It’s easy to confuse pneumonia with the flu, or flu-like sickness, because they have so much in common. In both cases you’ll likely experience cough, fever, sweats, chills and muscle aches. However, the flu is an infection of the nose, throat and upper airways, whereas pneumonia is a deeper lung infection. There are several types of pneumonia, the most common of which are Mycoplasma/Walking Pneumonia, Bacterial Pneumonia and Viral Pneumonia.
Types of Pneumonia
Mycoplasma Pneumonia, commonly referred to as “Walking Pneumonia” is the mildest form of this illness. In fact, walking pneumonia often goes undiagnosed because individuals may assume it is a common cold. “Walking pneumonia may not cause you to retreat to your bed and hide under the blanket and sheets, but you still may feel a little “off” with symptoms such as cough, a sore throat, headache, and overall weakness. It’s important to note that walking pneumonia is still highly contagious for up to 10 days, meaning proper diagnosis and treatment is crucial,” explains Jeffrey Millstein, MD, physician at Penn Internal Medicine Woodbury Heights.
Bacterial pneumonia is caused by the weakening of the body’s defenses in cases such as chronic illness, poor nutrition, aging, or an impaired immune system. “This weakened state makes it difficult for the body to fight bacteria, which may result in bacteria entering the lungs and causing infection,” says Dr. Millstein. Bacterial pneumonia can affect people of all ages but you are at greater risk if you are elderly, abuse alcohol, smoke cigarettes, recently had surgery, have a respiratory disease or viral infection, or have a weakened immune system.
The flu and other viral infections can progress and develop into pneumonia, called viral pneumonia. “Approximately one third of all pneumonia cases are caused by viral infections. Having viral pneumonia can also increase your risk of developing bacterial pneumonia,” explains Dr. Millstein. Viral pneumonia can occur in individuals of all ages and is often marked by symptoms including cough, pinkeye, fever, chills, shortness of breath, and pain in your chest. Your doctor may recommend medication that will help manage your symptoms, however, in most cases your immune system will fight the virus off on its own.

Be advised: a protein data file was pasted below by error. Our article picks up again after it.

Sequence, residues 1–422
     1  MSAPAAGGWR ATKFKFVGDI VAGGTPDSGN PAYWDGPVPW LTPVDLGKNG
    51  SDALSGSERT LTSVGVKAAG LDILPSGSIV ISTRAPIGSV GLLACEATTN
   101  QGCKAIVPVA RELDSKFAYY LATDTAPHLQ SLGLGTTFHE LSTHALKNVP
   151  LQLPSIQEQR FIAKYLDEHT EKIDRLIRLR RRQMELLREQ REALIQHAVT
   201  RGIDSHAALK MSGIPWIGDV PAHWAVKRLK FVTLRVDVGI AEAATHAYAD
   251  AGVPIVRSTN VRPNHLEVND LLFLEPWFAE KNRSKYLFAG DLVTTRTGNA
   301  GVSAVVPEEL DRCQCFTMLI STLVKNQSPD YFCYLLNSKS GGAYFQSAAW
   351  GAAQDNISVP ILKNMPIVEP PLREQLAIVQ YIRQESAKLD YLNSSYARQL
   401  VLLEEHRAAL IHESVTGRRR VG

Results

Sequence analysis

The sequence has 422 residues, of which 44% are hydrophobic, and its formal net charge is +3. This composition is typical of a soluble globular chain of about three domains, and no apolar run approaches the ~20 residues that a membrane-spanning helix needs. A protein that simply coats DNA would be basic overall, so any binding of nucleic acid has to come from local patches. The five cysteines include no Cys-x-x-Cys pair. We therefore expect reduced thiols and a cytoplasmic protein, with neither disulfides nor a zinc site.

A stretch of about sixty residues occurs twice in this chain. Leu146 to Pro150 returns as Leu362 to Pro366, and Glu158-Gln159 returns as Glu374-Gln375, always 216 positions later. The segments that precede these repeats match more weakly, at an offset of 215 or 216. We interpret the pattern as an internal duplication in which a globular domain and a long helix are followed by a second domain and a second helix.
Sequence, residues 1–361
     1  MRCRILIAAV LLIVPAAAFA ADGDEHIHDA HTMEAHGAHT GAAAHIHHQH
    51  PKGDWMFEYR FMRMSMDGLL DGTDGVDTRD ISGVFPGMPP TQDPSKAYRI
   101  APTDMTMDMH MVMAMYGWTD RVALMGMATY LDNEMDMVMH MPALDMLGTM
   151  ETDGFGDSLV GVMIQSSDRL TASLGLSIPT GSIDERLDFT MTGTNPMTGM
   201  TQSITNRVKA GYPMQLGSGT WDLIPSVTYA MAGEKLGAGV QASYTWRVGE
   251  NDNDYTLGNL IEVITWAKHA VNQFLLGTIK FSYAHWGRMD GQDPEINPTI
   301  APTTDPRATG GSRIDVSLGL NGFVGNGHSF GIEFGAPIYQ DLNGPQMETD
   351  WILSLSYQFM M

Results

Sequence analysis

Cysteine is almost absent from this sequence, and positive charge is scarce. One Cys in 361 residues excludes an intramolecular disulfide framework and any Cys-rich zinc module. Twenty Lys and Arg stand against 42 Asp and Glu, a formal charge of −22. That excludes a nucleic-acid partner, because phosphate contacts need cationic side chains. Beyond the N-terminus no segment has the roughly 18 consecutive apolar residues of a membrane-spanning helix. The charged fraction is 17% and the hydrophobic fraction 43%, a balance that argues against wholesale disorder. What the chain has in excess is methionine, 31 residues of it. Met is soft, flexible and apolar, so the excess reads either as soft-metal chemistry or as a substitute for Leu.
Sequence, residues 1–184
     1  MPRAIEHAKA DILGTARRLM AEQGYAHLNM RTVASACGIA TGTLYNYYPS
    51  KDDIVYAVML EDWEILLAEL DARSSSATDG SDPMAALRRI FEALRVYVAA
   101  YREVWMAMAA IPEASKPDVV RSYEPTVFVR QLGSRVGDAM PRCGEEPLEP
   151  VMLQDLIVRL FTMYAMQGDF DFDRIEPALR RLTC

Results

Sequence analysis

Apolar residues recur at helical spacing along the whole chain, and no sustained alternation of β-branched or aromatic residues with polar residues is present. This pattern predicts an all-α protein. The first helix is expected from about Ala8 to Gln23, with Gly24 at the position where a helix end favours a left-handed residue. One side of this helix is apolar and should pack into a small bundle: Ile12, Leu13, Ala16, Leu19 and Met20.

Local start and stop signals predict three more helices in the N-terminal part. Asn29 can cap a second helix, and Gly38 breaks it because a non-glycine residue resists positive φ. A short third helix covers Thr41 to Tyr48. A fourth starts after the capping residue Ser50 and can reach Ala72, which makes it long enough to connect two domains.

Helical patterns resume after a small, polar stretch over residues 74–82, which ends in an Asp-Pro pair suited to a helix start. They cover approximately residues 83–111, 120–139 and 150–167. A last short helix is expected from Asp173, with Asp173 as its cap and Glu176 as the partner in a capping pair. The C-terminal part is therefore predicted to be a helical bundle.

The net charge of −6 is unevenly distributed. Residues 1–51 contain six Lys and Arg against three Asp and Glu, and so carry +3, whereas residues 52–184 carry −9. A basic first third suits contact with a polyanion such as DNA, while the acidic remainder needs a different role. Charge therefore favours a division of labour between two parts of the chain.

How is Pneumonia Diagnosed?
If you’re not feeling well and think that you may have pneumonia, you should schedule an appointment with your primary care provider. “Your provider will perform a physical examination and if they suspect that you might have pneumonia, they may order a chest x-ray. Some other methods that may be used to test for pneumonia include blood tests or checking your sputum for infection,” says Dr. Millstein.
How is Pneumonia Treated?
Your pneumonia treatment plan will depend on which type you are diagnosed with. For example, if you are diagnosed with mycoplasma or bacterial pneumonia, your provider will likely prescribe antibiotics. However, these medications won’t help if you’re diagnosed with viral pneumonia. More severe cases of pneumonia may require hospitalization, especially in the elderly or young children. In all cases however, your provider will recommend that you rest and drink plenty of fluids to allow your body to recover. Pneumonia typically clears up within 2-3 weeks.
Protect Yourself from Pneumonia Today!
The good news is that there ARE ways to protect yourself against this illness. One of the most effective ways to fight against pneumonia is by getting vaccinated:
- Pneumococcal Conjugate Vaccine and Pneumococcal Polysaccharide vaccine are effective for prevention of a potentially severe type of bacterial pneumonia caused by streptococcus pneumoniae
- Flu vaccine is recommended yearly
Other ways to prevent pneumonia include:
- Avoid or quit smoking.
- Avoid people who have a cold or the flu.
- Wash your hands often.
- Take all of your prescribed treatments.
- Get regular check-ups.
If you think you might be experiencing symptoms of pneumonia, schedule an appointment with your primary care provider.